A former lawyer and veteran activist left disabled by past police mistreatment went on trial on Thursday, the third dissident in a week to be prosecuted as China presses a sweeping crackdown to deter popular uprisings like the ones that shook the Arab world.
Looking thin and frail, Ni Yulan (倪玉蘭) lay on a bed and used an oxygen machine to help her breathe during the hearing, her daughter, Dong Xuan (董璇), said afterward.
Dong said she told the court about her mother’s run-ins with police since 2002 and how police beatings left her crippled.
Ni is charged with fraud, accused of falsifying facts to steal property.
She is also charged, along with her husband, with causing a disturbance at a hotel where they had been detained by police.
Ni and her supporters deny the charges and say she is being punished for her years of activism, especially her advocacy for people forced from their homes to make way for the fast-paced real-estate development that remade Beijing for the 2008 Olympics.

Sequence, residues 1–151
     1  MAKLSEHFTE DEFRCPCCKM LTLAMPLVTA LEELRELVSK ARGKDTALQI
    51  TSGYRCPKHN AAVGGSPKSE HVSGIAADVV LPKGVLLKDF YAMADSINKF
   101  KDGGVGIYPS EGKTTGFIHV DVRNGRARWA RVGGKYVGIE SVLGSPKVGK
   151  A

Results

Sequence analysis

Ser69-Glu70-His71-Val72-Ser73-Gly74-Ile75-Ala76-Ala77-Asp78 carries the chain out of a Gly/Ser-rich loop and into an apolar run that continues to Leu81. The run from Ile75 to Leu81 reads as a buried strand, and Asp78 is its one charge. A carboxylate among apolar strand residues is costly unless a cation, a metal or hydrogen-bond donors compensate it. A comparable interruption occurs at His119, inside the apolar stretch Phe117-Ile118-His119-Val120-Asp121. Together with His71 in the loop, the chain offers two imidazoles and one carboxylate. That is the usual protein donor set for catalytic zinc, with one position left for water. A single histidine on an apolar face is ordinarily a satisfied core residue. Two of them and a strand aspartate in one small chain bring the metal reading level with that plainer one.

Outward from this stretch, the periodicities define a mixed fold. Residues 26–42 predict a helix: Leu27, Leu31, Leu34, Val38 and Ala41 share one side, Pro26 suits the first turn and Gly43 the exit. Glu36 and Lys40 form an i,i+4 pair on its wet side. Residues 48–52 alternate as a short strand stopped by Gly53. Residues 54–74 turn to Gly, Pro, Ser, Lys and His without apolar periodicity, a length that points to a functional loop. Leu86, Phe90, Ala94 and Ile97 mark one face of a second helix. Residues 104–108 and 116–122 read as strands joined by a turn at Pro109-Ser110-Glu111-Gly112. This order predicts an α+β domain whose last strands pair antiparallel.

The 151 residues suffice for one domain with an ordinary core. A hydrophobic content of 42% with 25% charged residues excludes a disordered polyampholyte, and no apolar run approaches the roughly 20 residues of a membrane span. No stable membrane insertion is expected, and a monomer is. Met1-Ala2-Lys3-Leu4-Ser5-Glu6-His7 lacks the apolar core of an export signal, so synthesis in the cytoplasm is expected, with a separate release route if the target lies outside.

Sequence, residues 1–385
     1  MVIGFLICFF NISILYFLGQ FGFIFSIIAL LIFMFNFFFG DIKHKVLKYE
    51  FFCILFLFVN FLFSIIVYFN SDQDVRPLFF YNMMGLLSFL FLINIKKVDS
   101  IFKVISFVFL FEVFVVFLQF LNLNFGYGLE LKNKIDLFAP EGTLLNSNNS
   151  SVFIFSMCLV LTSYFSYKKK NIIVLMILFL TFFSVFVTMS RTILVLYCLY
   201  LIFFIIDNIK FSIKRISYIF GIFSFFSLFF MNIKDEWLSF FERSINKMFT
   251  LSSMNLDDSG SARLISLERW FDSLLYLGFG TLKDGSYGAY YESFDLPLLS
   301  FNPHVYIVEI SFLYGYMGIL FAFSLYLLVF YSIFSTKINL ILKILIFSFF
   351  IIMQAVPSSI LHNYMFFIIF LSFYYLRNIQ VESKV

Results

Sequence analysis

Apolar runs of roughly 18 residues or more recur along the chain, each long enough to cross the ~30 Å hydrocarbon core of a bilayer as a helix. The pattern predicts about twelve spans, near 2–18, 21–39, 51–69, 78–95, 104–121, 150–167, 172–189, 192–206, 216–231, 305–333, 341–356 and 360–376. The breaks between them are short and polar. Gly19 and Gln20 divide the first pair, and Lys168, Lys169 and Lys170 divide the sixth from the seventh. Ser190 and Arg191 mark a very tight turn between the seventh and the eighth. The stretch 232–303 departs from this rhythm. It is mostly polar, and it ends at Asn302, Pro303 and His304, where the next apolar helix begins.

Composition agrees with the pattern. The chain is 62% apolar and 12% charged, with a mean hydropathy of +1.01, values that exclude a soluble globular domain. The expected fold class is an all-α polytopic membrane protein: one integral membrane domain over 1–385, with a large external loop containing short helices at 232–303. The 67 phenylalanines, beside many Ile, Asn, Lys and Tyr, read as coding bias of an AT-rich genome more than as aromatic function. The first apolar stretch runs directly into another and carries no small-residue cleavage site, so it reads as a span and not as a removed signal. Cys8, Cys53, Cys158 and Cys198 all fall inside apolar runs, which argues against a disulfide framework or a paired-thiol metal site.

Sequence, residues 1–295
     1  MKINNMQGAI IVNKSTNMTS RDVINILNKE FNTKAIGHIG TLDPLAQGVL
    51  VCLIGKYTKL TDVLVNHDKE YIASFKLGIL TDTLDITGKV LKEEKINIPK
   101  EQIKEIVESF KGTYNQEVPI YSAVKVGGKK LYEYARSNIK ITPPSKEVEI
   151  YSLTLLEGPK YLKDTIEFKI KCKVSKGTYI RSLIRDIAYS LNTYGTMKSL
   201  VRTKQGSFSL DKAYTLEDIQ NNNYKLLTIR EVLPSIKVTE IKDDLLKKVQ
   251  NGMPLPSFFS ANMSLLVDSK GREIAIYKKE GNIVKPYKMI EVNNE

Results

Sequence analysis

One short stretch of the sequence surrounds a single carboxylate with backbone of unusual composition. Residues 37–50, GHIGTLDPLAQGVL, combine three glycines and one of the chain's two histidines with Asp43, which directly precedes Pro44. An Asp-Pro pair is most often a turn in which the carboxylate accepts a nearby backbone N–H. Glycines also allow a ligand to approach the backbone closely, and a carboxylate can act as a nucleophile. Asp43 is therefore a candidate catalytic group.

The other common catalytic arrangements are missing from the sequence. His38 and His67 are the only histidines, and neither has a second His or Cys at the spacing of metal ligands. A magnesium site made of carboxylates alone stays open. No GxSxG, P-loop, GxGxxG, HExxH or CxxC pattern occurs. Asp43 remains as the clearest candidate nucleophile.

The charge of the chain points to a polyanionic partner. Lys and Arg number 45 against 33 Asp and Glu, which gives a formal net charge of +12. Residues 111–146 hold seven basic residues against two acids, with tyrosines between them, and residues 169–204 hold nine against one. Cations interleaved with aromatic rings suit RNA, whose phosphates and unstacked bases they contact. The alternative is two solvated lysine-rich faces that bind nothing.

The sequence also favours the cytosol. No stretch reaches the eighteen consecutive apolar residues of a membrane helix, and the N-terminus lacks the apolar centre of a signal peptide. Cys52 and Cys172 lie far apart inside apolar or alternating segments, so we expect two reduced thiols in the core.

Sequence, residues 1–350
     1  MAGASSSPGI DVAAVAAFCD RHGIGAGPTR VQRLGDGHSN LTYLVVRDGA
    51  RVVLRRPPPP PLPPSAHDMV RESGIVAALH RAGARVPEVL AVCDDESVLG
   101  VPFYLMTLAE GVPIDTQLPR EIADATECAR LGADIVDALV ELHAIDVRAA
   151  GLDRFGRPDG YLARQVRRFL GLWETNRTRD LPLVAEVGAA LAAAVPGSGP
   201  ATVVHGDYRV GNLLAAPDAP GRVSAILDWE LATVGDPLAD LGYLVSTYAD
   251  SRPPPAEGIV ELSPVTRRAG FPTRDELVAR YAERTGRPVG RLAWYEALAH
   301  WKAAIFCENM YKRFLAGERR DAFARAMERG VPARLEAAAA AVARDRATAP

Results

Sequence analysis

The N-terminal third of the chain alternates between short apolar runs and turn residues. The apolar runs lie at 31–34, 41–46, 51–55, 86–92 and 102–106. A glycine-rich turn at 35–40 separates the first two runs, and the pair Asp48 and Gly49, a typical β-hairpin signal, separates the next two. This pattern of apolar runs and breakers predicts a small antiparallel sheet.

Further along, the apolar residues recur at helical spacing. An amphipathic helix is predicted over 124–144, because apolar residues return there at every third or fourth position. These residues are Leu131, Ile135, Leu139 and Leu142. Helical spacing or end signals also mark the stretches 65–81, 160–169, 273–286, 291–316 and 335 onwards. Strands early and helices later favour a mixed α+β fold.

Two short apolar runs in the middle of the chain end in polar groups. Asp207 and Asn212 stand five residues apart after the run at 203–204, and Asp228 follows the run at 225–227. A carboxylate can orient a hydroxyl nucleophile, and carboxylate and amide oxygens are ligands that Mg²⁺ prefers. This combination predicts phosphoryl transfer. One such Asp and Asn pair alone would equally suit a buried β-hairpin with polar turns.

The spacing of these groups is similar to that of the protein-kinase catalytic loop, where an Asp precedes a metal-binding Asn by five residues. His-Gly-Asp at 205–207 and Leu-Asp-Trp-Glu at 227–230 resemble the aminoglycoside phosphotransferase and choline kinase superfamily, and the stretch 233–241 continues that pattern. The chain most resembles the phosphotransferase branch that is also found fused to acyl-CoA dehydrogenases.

Her outspoken defense earned her the enmity of officials and developers. Her family’s house in an old neighborhood in the capital’s center was also razed and the couple became homeless.
Their trial comes at the end of a year that has seen Chinese authorities use disappearances, house arrest, lengthy prison terms and other means to prevent activists from drawing inspiration from the Arab Spring protests that unseated autocrats in Egypt, Tunisia and Libya.
In the past week, two longtime democracy and rights activists, Chen Wei (陳衛) and Chen Xi (陳西), were separately sentenced to nine and 10 years in prison.
Like those campaigners, the 51-year-old Ni has been previously jailed, twice in her case. In an interview with The Associated Press in June last year, Ni described abuse she suffered from police, saying guards beat her, insulted her and urinated on her face.
In detention in 2002, police kicked her knees until she was unable to walk, she said.
While serving the second prison term of two years, Ni was deprived of her crutches and had to crawl up and down five stories and across the prison yard every day for months, she said.